The Supreme Court struck down Section 377 on Thursday, but this is only the first victory in a huge battle. The next step in this legal fight will be for civil rights such as same-sex marriage, inheritance of property, and sharing insurance, among others, as opined by India’s lesbian, gay, bisexual, transgender and queer (LGBTQ) people.
But it looks like the Union government is not up for it. While it is okay with the apex court striking down Section 377, it is likely to oppose same-sex marriage.
However, it is very ironical. If equality of LGBTQ persons is now a fundamental right, then right to marry along with others are also part of it. Then how can someone deny giving those?
“Decriminalisation of same-sex acts was fine but the government would oppose any demand to legalise same-sex marriage,” Hindustan Times quoted a government functionary.
The Rashtriya Swayamsevak Sangh (RSS) also holds the same opinion.
“Like Supreme Court, we also do not consider this (homosexuality) to be a crime. The same-sex marriages are not compatible with norms of nature, so we do not support such relations. Bharatiya Society also doesn’t have the tradition to recognize such relations. Human beings generally learn from experiences, that is why this issue needs to be taken care of at the social and psychological level,” Sangh had said in a statement to the press.
On the other hand, Congress, the most political vibrant movement, as the Twitter bio of Congress reads, celebrated apex court’s verdict and termed it as a “progressive and decisive verdict.”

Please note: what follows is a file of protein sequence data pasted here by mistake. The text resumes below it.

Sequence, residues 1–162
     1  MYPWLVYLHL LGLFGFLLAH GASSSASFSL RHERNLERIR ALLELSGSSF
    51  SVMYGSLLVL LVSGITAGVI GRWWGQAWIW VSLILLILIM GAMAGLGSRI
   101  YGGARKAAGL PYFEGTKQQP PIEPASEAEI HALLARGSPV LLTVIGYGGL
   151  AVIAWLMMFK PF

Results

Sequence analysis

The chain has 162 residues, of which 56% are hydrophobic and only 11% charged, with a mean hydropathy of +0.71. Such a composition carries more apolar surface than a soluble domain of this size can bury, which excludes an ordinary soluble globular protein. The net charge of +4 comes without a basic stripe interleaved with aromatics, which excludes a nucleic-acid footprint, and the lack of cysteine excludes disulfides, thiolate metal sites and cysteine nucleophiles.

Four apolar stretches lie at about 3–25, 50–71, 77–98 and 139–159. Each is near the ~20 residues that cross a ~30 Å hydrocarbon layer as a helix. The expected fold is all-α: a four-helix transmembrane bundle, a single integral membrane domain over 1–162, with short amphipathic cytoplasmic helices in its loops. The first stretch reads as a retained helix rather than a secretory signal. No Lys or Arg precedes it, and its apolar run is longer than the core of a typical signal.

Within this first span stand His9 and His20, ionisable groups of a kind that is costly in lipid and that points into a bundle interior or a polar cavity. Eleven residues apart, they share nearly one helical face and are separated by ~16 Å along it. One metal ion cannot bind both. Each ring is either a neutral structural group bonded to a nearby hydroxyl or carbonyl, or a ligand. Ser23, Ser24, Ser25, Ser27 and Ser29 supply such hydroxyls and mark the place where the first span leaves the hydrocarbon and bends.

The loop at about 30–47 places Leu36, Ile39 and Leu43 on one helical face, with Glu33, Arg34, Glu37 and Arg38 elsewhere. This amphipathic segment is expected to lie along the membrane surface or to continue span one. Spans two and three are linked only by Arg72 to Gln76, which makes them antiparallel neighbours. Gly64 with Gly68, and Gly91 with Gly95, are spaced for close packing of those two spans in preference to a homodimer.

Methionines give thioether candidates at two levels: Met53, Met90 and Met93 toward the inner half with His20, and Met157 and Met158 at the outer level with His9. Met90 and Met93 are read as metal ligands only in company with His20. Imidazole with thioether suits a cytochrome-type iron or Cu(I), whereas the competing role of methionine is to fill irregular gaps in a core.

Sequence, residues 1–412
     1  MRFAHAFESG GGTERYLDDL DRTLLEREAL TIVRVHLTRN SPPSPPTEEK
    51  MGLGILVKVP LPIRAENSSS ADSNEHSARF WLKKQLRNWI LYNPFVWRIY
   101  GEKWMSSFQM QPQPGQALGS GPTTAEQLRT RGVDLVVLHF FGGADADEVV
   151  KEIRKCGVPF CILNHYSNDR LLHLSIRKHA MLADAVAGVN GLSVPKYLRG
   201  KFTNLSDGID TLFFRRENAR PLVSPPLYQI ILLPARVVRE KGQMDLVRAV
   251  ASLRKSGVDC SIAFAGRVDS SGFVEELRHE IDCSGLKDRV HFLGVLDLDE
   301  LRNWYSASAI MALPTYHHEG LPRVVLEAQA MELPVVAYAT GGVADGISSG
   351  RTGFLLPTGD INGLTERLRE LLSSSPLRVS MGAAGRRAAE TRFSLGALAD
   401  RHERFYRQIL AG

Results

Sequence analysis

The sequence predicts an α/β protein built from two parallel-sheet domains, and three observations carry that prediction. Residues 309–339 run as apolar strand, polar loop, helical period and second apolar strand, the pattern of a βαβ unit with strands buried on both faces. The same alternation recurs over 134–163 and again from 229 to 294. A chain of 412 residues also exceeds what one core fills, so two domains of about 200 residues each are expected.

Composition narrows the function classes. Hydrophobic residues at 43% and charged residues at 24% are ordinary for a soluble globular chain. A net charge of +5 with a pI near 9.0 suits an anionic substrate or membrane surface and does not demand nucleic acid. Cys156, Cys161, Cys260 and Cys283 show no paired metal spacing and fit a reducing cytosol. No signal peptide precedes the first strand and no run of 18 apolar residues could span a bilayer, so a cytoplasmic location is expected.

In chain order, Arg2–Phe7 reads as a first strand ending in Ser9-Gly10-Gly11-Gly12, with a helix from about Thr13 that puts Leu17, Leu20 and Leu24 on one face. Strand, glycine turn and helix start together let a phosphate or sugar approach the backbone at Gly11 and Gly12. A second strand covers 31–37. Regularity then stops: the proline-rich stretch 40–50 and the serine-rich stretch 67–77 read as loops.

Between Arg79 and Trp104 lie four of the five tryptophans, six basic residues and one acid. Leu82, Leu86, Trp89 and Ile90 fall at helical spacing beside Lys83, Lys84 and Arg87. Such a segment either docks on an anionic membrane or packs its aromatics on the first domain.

“We join the people of India & the LGBTQIA+ community in their victory over prejudice. We welcome the progressive & decisive verdict from the Supreme Court & hope this is the beginning of a more equal & inclusive society. #Section377,” it tweeted.
The Supreme Court, yesterday, struck down Section 377 of the Indian Penal Code (IPC), decriminalising homosexuality.
“Sexual orientation of an individual is natural and discrimination on the basis of sexual orientation is a violation of Freedom of Expression. Section 377 to the extent it criminalizes sexual acts between consenting adults, whether homosexual or heterosexual, is unconstitutional,” Chief Justice of India (CJI) Dipak Misra said while pronouncing the verdict.
Section 377, which came into force in 1861 during the British rule, refers to ‘unnatural offences’ and says whoever voluntarily has carnal intercourse against the order of nature with any man, woman or animal, shall be punished with imprisonment for life, or with imprisonment of either description for a term which may extend to 10 years, and shall also be liable to pay a fine.